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[XP] Re: New Agile Vehicles

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  • PAUL
    Hi Joshua, It all depends on the audience I think... ... I ve used all (most of) these supposedly new echniladas, often within a single project. I didn t need
    Message 1 of 216 , Dec 1, 2010
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      Hi Joshua,

      It all depends on the audience I think...
      --- In extremeprogramming@yahoogroups.com, Joshua Kerievsky <joshua@...> wrote:

      > I've seen a trend towards what I'll call "lean enchiladas." These processes
      > have been crafted by experienced XP/Agile folks who have spent years
      > experimenting to remove waste and minimize process in order to focus more
      > mercilessly on successful product development. Lean enchiladas don't
      > resemble Scrum or XP enough to say that they are new models of those old
      > processes. They are new Agile vehicles. Few know about them and some are
      > perhaps happy about that. I think the world needs some better Agile
      > vehicles and I would encourage folks to describe them.
      >

      I've used all (most of) these supposedly new echniladas, often within a single project. I didn't need a label or a recipe book though, we would work without a backlog when there wasn't one, skip iteration planning when it wasn't needed, we'd apply, inspect and adapt as made sense at the time.

      I would encouraged able drivers to do the same. I would offer completely different advice to the novice though.

      My main beef is how some of these enchiladas are sold as alternatives, they are not. If you get the values and principles then they are just different practices. If you don't then they can be a source of confusion.


      Perhaps not on this board, but on others, ideas that are decidely non Agile are being regurgitated and presented as new (for example anyone who as considered CMMI level 5 knows all about SPC and conrol charts).

      Here is the rub. The best people at adopting Agile tend to be the ones that were doing pretty well with waterfall despite its limitations. The worst Agile adopters I've come across, weren't fairing too well with waterfall either. If we do want to send a more nuanced message to the novices, then we need to be clear about the role of skill. I don't think that is happening.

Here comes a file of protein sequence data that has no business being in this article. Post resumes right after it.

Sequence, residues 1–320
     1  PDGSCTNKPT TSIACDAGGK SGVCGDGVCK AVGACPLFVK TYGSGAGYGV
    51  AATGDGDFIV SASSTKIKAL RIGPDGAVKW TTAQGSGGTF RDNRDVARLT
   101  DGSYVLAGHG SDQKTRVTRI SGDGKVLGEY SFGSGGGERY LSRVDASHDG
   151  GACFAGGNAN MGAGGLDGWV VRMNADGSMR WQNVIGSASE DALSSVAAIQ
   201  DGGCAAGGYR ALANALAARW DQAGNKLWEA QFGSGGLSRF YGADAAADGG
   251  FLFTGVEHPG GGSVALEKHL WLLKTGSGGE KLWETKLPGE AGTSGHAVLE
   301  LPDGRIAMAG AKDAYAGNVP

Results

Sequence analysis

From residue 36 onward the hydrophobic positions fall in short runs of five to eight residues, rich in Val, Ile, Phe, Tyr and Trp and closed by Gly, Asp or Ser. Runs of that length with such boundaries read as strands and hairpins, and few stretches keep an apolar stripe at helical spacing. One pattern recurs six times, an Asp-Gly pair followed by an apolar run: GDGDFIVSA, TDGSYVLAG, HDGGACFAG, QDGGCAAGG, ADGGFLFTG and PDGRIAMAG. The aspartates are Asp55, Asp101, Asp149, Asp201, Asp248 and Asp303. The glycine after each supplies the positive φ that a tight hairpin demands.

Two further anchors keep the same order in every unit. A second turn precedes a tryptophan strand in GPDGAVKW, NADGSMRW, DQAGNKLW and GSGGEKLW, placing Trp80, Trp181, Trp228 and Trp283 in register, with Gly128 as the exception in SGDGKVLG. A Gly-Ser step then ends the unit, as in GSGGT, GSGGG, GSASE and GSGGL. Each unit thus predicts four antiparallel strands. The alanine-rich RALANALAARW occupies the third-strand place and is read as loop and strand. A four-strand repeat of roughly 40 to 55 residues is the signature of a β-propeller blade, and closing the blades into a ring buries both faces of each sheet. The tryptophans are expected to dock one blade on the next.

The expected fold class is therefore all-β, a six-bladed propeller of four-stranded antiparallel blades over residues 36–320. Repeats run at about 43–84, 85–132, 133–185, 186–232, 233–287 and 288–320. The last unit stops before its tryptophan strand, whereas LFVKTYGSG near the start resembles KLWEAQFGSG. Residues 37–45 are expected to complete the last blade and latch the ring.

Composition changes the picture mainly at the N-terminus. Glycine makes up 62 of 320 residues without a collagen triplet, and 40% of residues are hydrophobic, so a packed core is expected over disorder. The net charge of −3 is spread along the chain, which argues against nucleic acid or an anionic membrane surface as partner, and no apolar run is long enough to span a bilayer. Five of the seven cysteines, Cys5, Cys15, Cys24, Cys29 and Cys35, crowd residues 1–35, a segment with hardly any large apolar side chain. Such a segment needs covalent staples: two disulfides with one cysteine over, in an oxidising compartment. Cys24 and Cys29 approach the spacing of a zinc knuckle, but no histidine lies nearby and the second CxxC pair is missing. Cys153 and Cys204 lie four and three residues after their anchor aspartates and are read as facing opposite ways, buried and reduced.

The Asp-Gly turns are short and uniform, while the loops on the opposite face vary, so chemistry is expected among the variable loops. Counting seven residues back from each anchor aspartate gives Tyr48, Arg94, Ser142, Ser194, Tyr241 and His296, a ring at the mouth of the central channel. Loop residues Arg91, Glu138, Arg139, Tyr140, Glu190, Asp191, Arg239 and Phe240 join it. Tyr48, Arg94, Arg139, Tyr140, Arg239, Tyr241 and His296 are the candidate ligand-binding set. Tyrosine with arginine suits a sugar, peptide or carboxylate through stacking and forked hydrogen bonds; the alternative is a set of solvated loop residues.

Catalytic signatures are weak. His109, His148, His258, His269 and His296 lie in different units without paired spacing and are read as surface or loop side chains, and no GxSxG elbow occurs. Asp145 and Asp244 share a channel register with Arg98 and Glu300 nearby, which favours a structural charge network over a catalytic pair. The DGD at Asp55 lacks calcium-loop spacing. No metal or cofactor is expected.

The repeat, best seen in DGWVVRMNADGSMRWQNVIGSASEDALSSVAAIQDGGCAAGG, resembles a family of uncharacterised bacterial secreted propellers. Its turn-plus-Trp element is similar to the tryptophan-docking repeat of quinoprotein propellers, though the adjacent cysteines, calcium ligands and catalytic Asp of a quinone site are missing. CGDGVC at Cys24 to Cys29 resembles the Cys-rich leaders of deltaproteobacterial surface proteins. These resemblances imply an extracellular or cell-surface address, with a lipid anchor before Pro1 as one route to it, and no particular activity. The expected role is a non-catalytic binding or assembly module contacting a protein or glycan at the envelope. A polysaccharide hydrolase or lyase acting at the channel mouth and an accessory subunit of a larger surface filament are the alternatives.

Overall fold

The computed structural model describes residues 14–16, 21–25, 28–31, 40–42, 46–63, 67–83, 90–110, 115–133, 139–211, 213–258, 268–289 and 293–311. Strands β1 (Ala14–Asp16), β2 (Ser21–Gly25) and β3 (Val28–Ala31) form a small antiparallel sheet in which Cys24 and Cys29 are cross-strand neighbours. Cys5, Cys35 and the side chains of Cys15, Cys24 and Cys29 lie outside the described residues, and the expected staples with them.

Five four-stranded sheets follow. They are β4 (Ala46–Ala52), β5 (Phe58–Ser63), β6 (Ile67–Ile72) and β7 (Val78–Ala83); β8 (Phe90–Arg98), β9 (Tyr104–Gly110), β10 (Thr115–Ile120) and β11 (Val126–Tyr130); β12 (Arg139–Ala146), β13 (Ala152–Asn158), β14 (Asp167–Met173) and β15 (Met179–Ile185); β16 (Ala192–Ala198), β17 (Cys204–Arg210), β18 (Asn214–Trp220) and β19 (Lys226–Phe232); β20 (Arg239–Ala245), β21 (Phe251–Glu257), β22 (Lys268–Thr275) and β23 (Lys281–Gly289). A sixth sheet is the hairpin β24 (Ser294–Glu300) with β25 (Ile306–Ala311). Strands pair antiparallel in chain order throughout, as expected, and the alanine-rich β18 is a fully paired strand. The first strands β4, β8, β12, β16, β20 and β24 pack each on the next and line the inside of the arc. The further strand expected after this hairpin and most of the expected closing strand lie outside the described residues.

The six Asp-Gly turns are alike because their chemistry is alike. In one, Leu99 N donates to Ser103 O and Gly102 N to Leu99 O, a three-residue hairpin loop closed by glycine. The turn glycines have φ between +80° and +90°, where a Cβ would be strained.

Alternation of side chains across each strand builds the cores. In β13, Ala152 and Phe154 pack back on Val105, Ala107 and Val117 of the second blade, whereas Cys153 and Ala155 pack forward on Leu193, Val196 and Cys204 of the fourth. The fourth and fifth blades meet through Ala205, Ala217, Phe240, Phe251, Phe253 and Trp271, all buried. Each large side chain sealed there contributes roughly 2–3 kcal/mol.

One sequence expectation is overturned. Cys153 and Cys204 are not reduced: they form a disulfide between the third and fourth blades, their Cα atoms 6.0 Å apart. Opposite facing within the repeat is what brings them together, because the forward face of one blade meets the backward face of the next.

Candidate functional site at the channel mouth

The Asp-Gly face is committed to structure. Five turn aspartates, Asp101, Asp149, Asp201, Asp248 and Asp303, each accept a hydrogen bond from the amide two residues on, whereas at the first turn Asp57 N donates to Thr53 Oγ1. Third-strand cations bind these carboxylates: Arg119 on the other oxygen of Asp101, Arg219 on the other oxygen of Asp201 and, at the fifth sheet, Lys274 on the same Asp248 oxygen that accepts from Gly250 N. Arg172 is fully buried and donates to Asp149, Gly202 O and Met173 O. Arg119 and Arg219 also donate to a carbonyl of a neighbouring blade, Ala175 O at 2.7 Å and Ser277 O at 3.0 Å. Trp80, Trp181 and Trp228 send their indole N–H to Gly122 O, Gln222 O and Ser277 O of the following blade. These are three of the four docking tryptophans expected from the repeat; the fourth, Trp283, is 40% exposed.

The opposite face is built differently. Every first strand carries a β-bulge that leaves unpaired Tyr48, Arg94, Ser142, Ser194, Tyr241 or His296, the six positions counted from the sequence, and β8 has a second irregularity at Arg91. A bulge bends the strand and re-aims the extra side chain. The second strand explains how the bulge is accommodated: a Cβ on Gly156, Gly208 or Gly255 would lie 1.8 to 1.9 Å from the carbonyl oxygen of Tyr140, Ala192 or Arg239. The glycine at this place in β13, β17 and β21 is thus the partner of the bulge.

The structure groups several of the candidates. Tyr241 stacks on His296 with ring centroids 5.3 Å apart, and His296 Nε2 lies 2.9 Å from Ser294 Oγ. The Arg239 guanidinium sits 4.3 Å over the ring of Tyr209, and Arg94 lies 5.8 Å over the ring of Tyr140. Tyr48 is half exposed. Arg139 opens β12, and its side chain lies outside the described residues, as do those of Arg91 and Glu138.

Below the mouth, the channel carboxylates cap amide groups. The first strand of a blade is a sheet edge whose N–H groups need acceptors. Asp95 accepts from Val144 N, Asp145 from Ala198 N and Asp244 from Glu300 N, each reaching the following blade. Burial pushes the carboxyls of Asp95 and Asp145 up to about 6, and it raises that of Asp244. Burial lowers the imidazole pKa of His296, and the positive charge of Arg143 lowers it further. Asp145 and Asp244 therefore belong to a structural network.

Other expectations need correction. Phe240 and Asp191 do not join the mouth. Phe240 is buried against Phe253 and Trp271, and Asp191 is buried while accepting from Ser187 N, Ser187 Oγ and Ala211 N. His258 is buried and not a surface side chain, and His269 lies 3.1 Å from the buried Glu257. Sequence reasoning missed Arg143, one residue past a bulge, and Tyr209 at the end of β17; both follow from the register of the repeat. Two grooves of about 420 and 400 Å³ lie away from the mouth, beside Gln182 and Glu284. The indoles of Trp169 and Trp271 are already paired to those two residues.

No vehicle is going to compensate for incompetence at the wheel!!

      Regards,


      Paul.
      > --
      > best,
      > jk
      >
      > --
      > Joshua Kerievsky
      > Founder, CEO
      > Industrial Logic, Inc.
      > Web: http://industriallogic.com
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      > [Non-text portions of this message have been removed]
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    • Steven Gordon
      On Mon, Jan 24, 2011 at 4:11 AM, D.André Dhondt ... Alternative interpretation: Domains that consider themselves scientific tend to require formal proof
      Message 216 of 216 , Jan 24, 2011
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        On Mon, Jan 24, 2011 at 4:11 AM, D.André Dhondt
        <d.andre.dhondt@...> wrote:
        > On Mon, Jan 24, 2011 at 2:08 AM, Amir Kolsky <kolsky@...> wrote:
        >
        >>   And again, one is reminded of Ignaz Philipp Semmelweis…
        >>
        >
        > Meaning that people tend to reject new ideas just because they're new?
        > (Semmelweis suggested surgeons should wash hands with chlorine between
        > patients).

        Alternative interpretation:

        Domains that consider themselves scientific tend to require formal
        proof instead of empirical success before accepting new ideas.

        >
        > --
        > D. André Dhondt
        > mobile: 215-805-0819
        > skype: d.andre.dhondt
        > twitter: adhondt   http://dhondtsayitsagile.blogspot.com/
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        > [Non-text portions of this message have been removed]
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